Is a grid system the most economically efficient way to lay out a downtown? Last week, I attended a talk by Prof. Robert Ellickson of Yale Law in which he made this argument. The talk was based on his article “The Law and Economics of Street Layouts: How a Grid Pattern Benefits a Downtown“. He was inspired to look into this subject by the exhibit “The Greatest Grid: The Master Plan of Manhattan, 1811-2011” at the Museum of the City of New York last year.
Ellickson contrasted two general models of street creation — bottom-up (created as people build and use the city), which tend to be unstructured (the main US example is Boston), or top-down (laid down by government), which tend to be more structured (most US cities, notably New York). Many cities have a combination of both.
Ellickson based his argument on the higher land values of properties in a downtown grid street system. To be honest, his evidence was fairly thin, so the paper is more a hypothesis than a proof. Ellickson suggested that a grid system is more valuable for three reasons:
- it’s cheaper to build rectangular buildings, in a rectangular block
- there are, apparently, significantly fewer disputes over property lines between owners of rectangular lots compared to irregular lots
- a grid system promotes greater social interconnection and interaction
It sounds plausible, but it would certainly need more thought and investigation before it can be said to be proven. (He says his theory does not address suburbs because they have different incentives and are more purely residential, but that might also be an interesting area of investigation).
The discussion of street grids also inspired discussion of block sizes, on which there has apparently been some work (there is in fact a Journal of Urban Morphology). He argues that there is a sweet spot for block size. Too large, and the land inside the block starts to lose value because it is too far from the street. Too small, and streets start to take up too much of a city’s surface area.
He also looked at changes to street plans — specifically, how often streets disappear. He found that streets are remarkably persistent — once laid down, it is hard to get rid of them, although grid streets are a little more persistent than non-grid streets. Alleys, on the other hand, come and go fairly easily.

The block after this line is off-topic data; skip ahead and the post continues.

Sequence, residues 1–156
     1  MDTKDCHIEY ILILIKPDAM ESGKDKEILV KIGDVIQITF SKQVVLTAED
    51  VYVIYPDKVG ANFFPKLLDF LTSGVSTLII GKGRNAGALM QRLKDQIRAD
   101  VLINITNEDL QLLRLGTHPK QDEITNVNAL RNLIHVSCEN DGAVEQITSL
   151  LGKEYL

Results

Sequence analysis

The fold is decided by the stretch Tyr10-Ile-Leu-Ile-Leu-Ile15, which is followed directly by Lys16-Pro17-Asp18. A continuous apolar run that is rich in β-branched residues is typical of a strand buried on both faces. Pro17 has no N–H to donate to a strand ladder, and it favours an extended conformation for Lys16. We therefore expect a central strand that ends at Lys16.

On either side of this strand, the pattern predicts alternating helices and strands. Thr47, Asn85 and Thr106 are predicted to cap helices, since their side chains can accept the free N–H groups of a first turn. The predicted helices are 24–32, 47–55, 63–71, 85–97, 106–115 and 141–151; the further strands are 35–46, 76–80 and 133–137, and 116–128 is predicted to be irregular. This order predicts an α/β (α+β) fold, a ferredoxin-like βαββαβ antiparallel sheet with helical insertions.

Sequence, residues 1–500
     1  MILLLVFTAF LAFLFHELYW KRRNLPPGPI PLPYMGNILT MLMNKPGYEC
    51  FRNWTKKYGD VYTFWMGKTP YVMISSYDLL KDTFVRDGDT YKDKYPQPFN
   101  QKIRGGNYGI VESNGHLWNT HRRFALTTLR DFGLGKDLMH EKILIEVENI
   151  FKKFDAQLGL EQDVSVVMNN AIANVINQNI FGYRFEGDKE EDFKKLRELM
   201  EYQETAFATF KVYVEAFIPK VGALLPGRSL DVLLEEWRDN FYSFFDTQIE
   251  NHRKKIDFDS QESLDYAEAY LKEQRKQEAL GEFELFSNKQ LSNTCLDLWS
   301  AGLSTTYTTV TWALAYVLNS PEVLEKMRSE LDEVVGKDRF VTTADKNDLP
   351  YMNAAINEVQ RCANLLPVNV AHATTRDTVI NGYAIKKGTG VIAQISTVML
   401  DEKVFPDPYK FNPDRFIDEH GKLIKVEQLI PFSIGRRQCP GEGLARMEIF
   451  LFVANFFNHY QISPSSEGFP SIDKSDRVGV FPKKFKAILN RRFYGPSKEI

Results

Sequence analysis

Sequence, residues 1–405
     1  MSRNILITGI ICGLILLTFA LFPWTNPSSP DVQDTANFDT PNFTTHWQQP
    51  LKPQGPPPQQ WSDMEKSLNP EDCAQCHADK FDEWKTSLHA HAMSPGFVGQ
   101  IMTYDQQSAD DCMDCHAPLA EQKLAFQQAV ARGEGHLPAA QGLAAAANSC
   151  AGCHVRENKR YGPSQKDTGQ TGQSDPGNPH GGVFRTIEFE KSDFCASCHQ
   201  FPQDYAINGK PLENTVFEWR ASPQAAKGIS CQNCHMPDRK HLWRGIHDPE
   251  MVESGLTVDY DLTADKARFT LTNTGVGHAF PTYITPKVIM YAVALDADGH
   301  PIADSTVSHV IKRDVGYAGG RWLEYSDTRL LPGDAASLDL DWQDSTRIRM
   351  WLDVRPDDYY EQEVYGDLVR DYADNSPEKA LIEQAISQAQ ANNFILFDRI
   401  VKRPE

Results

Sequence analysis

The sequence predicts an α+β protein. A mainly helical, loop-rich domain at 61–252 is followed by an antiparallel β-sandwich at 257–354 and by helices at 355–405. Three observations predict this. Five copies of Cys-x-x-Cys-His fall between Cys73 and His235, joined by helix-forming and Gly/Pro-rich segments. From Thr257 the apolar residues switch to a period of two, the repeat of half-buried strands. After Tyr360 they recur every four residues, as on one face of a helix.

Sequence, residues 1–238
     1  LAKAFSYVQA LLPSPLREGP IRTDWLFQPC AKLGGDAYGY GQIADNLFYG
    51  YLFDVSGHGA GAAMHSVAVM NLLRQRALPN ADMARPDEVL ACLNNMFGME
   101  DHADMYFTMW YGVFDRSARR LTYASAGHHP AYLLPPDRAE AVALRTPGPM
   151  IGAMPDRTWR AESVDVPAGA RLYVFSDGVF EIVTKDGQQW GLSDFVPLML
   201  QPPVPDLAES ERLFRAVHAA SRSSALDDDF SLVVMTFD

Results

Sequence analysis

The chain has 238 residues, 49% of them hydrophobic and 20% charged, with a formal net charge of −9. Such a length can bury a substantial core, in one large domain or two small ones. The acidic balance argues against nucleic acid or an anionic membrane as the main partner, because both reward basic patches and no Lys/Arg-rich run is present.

An interesting tidbit he shared was that New York’s grid plan specifically rejected ovals and circles in its street plan (which planners often like because they create vistas – think Queen’s Park) because they tend to become exclusive and elite.
The discussion of street layouts naturally made me wonder about how Toronto’s old street grid developed. It looks to me like Toronto’s was implemented as a top-down grid on the large scale (main streets), but as bottom-up micro-grids, created by the owners or developers, within that large scale. That would explain why so many local streets don’t match up on the other side when they cross main streets. (Lower Manhattan, before the grid plan, was also a series of micro-grids that didn’t connect well).
The discussion also makes me wonder how it would apply to suburbs. They continue the pattern of creating streets bottom-up — largely laid out by developers — within an overall grid. Given the problems caused by their layouts, it’s troubling that streets are so difficult to change. But I also wonder if the economic efficiency of grids, if demonstrated, might encourage developers to explore using them even in suburbs.
Image from City of Toronto Archives